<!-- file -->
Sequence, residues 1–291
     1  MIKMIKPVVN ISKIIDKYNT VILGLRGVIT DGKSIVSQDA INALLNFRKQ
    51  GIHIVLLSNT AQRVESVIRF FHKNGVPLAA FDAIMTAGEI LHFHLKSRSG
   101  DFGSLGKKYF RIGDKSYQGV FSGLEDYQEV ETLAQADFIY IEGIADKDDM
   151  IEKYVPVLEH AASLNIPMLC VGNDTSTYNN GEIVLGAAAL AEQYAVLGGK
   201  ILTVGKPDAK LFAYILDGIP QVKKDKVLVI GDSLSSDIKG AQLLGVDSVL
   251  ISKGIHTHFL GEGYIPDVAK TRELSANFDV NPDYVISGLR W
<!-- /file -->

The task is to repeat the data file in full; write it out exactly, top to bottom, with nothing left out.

Sequence, residues 1–291
     1  MIKMIKPVVN ISKIIDKYNT VILGLRGVIT DGKSIVSQDA INALLNFRKQ
    51  GIHIVLLSNT AQRVESVIRF FHKNGVPLAA FDAIMTAGEI LHFHLKSRSG
   101  DFGSLGKKYF RIGDKSYQGV FSGLEDYQEV ETLAQADFIY IEGIADKDDM
   151  IEKYVPVLEH AASLNIPMLC VGNDTSTYNN GEIVLGAAAL AEQYAVLGGK
   201  ILTVGKPDAK LFAYILDGIP QVKKDKVLVI GDSLSSDIKG AQLLGVDSVL
   251  ISKGIHTHFL GEGYIPDVAK TRELSANFDV NPDYVISGLR W